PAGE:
Although you have installed Hyper-V on your machine, it is not yet completely configured and adapted to your environment. Firstly, let us see the characteristics of our Host with the Get-VMHost cmdlet, not to be confused with Get-VM cmdlet which displays the VMs that are running on the host. I will come back to the latter command in the next section:

Most cmdlets do not display all the available properties. To change this, we must add the Select-Object cmdlet and then add the wildcard *.

What are these properties?

  • The name of the server (In my case it is my Windows 10 laptop),
  • The number of logical processors it has,
  • The amount of memory,
  • And finally, whether the live migration is enabled.

This cmdlet accepts the -ComputerName parameter to query a remote host.

Note that the virtual switches are not included in the previous result. To display them, you must use the Get-VMSwitch cmdlet. You will find that this command returns no result, which is normal.

The communication between the Hyper-V host and its VMs is based on the concept of the VMSwitch. Here is a very simple diagram:

Figure 1 – Hyper-V Virtual Switch

When a VMSwitch is linked to a Physical Network Adapter, then VMs will use this VMSwitch to be connected to the network; so we must identify which one will be used via the Get-NetAdapter cmdlet:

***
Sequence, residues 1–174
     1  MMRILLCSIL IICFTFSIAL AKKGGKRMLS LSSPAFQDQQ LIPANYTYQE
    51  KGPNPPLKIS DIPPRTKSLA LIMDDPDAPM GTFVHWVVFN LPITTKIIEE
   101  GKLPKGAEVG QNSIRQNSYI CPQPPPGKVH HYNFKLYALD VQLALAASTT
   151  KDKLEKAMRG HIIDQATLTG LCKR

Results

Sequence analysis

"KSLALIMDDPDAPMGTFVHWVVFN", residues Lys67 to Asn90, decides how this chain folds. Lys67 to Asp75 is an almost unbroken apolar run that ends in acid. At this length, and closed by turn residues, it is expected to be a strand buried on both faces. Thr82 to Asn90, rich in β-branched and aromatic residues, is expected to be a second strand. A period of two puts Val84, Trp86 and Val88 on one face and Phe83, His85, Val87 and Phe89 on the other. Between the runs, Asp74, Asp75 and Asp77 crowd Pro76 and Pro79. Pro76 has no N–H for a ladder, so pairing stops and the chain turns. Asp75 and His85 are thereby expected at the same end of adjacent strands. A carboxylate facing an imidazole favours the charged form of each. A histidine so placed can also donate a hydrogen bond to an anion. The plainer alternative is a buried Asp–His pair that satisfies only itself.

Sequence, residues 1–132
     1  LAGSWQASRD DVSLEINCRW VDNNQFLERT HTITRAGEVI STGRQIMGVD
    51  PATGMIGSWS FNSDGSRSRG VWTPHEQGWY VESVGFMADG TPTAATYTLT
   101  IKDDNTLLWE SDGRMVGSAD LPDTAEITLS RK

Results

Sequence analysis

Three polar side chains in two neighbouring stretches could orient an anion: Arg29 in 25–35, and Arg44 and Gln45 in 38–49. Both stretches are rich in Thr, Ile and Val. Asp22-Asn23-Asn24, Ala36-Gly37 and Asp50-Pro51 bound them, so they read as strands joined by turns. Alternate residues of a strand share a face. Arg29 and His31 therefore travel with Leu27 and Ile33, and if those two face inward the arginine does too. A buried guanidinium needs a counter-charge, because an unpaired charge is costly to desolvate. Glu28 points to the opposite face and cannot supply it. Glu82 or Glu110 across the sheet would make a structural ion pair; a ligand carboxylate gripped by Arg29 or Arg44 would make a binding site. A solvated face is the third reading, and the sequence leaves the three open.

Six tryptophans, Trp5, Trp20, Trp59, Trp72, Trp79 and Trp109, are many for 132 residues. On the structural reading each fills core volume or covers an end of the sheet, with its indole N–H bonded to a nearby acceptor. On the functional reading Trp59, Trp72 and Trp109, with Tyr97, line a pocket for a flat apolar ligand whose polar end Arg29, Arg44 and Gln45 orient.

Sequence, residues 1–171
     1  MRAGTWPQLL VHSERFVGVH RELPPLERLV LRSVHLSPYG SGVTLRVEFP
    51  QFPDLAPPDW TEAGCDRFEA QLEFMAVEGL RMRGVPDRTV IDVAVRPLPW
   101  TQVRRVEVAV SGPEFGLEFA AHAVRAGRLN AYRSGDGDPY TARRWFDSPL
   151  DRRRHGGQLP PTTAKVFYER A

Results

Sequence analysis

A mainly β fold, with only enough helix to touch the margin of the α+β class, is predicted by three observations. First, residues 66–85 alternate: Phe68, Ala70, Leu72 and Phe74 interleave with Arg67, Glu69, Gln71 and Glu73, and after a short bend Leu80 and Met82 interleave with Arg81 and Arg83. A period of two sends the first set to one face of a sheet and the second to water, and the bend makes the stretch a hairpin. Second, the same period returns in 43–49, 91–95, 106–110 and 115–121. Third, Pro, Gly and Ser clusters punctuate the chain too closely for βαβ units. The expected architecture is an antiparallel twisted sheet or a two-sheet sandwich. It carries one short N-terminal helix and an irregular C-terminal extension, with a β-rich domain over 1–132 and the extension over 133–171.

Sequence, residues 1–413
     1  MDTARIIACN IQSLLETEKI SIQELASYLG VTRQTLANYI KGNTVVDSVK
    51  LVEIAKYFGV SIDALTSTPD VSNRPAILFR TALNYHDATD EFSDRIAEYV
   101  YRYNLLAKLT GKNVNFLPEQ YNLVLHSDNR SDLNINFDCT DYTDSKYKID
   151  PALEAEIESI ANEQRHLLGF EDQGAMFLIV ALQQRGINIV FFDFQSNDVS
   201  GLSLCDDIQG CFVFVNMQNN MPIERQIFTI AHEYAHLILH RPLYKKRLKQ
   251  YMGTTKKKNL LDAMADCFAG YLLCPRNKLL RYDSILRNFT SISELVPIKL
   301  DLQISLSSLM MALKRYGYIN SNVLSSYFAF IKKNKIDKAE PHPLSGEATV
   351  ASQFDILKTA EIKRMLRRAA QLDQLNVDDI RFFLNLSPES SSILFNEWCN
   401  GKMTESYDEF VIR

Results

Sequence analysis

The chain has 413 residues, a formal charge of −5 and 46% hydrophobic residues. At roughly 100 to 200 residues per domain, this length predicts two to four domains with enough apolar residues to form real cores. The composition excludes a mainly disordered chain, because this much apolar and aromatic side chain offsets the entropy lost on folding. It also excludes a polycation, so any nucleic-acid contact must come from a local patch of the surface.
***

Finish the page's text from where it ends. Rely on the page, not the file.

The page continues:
In the example, the adapter is called “Ethernet”. You can use the New-VMSwitch cmdlet to create a new virtual switch using Windows PowerShell. In my case, the following command is used to create a VMSwitch named “My Virtual Switch” that is assigned to the physical network adapter named “Ethernet”:

For help with the syntax of this cmdlet, use the Get-Help New-VMSwitch command.

Creating VMs

We have configured the essentials for using our host. Here’s how to deploy a virtual machine. The first thing is to list the virtual machines already running on the host. For this, use the Get-VM cmdlet, which does exactly what its name implies:

This PowerShell cmdlet returns an object, so if you need more information about a VM, add the -Name parameter and you can pipe the previous cmdlets output to the Format-List cmdlet:

You then get a set of very interesting properties. The output was truncated but here are some examples of the most commonly used properties:

  • IntegrationServicesState: Allows you to verify whether the Integration Services are installed. For those using VMware, this is the equivalent of VMware Tools.
  • Generation: Displays the version of the virtual machine (1 or 2)
  • State / Status / OperationalStatus: Several properties allow to precisely verify the health of the virtual machine.
  • Uptime: Execution time of the VM
  • MemoryAssigned: Memory assigned to the virtual machine